From 2001 to 2011 there has been substantial search effort for the Dun Skipper within the species’ range in B.C. (Table 2; Figure 7). Along the coast, search effort has focused on southeastern Vancouver Island, Salt Spring Island, Galiano Island, Mayne Island and Gulf Islands National Park Reserve. On the southwestern mainland of B.C., search effort has specifically focused on the edges of the species’ known range (e.g. Pemberton, Lillooet and Boston Bar) with the intent to confirm the edges of the species’ range on the mainland. These areas also have active conservancies and a community of naturalists that are acutely aware of the species and its threatened status, and actively look for species at risk.

Figure 7. Search effort for the Dun Skipper, 2002-2012.

Map illustrating search effort for the Dun Skipper, vestris subspecies, in Canada from 2001 to 2011.

Long Description for Figure 7

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Figure 8. Gypsy Moth treatment areas 1979-2010. Note: data points are not exact and do not show the entire treatment area. See Table 7.

Map showing areas treated for Gypsy Moth between 1979 and 2010.

Long Description for Figure 8

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Table 7. Gypsy Moth Treatment History in B.C. (B.C. Ministry of Forests, Lands and Natural Resource Operations 2012).
General geographic area of Gypsy Moth treatmentYear of detectionYear of treatmentAerial sprayGround sprayMass trappingUnknownHost removal
Kitsilano*, Vancouver (Mainland)19781979 x x 
Ft. Langley (Mainland)19821984   x 
Courtenay (Vancouver Island)19831984   x 
Courtenay (Vancouver Island)19831985   x 
Canadian Forces Base Chilliwack (Mainland)19831985 x   
Canadian Forces Base Chilliwack (Mainland)19831986 x   
Canadian Forces Base Chilliwack (Mainland)19831987x    
Kelowna (Mainland)19861988xx   
Canadian Forces Base Colwood, Vancouver Island19861988x    
North Parksville (Vancouver Island)19871988 x   
Parksville (Vancouver Island)19871990xx   
North Saanich (Vancouver Island)19901991xx   
Belmont Park (Vancouver Island)19901992x    
South Parksville (Vancouver Island)19911992 x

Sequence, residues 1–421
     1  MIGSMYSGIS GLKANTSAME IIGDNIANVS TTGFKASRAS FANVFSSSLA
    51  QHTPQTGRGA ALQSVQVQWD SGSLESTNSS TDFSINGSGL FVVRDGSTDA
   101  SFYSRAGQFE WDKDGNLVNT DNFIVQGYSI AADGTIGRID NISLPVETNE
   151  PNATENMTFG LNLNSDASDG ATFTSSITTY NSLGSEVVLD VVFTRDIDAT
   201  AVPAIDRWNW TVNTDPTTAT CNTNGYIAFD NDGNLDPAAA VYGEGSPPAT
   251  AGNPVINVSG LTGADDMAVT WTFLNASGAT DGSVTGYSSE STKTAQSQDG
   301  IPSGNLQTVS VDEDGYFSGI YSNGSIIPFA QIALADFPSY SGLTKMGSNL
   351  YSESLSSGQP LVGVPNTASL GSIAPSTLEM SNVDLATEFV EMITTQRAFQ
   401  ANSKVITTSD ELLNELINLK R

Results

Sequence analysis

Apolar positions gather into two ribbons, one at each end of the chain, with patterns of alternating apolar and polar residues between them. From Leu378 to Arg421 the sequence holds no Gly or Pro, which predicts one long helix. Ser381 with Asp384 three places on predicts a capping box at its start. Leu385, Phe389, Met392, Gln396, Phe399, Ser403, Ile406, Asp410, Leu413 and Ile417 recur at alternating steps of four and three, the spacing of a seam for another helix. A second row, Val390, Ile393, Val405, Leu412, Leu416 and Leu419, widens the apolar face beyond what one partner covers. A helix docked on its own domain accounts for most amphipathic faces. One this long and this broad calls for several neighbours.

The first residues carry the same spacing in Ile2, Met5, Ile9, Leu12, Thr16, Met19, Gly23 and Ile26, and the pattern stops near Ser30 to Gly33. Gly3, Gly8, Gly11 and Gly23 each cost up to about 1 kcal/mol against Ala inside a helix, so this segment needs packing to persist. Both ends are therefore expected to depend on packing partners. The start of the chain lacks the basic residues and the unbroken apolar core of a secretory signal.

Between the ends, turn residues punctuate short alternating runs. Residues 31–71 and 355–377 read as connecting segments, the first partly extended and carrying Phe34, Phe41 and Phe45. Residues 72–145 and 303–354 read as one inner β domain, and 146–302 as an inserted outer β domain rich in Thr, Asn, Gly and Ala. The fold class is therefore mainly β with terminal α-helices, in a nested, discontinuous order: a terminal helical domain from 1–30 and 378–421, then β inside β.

Richmond (Mainland)19911993x    
Burnaby (Mainland)19921993x    
Salt Spring Island (Gulf Island)19911993 x   
Victoria (Vancouver Island)19921993x    
Hope (Mainland)19921993x    
South Vancouver (Mainland)19911994 x   
Victoria (Vancouver Island)19921994x    
Beban Park, Nanaimo (Vancouver Island)19921994x    
Whiskey Creek (Vancouver Island)19921994x    
Hope (Mainland)19921994x    
Chilliwack (Mainland)19921995xx   
Hope (Mainland)19921996x    
New Westminster (Mainland)19951997    x
Victoria (Vancouver Island)19961998 x   
Colwood (Vancouver Island)19961998 x   
Esquimalt (Vancouver Island)19961998 x   
Victoria (Vancouver Island)19961999x    
Colwood, (Vancouver Island)19961999x    
Esquimalt (Vancouver Island)19961999x    
Duncan, Vancouver Island19981999x    
Nanaimo (Vancouver Island)19981999x    
Brentwood Bay (Vancouver Island)19981999x    
Tsawwassen (Mainland)19981999x    
Metchosin (Vancouver Island)19981999x    
Burnaby (Mainland)19992000x    
Sechelt (Mainland)19992000  x  
Sechelt (Mainland)20002001  x  
Sechelt (Mainland)20012001  x  
Delta (Mainland)19982001 x   
Delta (Mainland)19992001 x   
Delta (Mainland)20002001 x   
North Delta (Mainland)20012002  x  
Saanich (Vancouver Island)20012002  x  
North Delta (Mainland)20022003  x  
Saanich (Vancouver Island)20022003  x  
North Delta (Mainland)20032004x x  
Saanich (Vancouver Island)20032004x x  
Abbotsford (Mainland)20032004  x  
Duncan (Vancouver Island)20032004  x  
Gabriola Island (Gulf Island)20032004  class="fontSize80"x  
Duncan (Vancouver Island)20032005  x  
Duncan (Vancouver Island)20042005  x  
Gabriola Island (Mainland)20032005  x  
Gabriola Island (Mainland)20042005  x  
Saanich (Vancouver Island)20032005  x  
Saanich (Vancouver Island)20042005  x  
Langley (Mainland)20032005  x  
Langley (Mainland)20042005  x  
Nanaimo (Vancouver Island)20032006     
Nanaimo (Vancouver Island)20042006     
Nanaimo (Vancouver Island)20052006 xx  
Salt Spring Island (Gulf Island)20032006     
Salt Spring Island (Gulf Island)20042006     
Salt Spring Island (Gulf Island)20052006 xx  
Saanich (Vancouver Island)20032006     
Saanich (Vancouver Island)20042006     
Saanich (Vancouver Island)20052006 x   
Courtenay (Vancouver Island)20062007x    
Salt Spring Island (Gulf Island)20062007xxx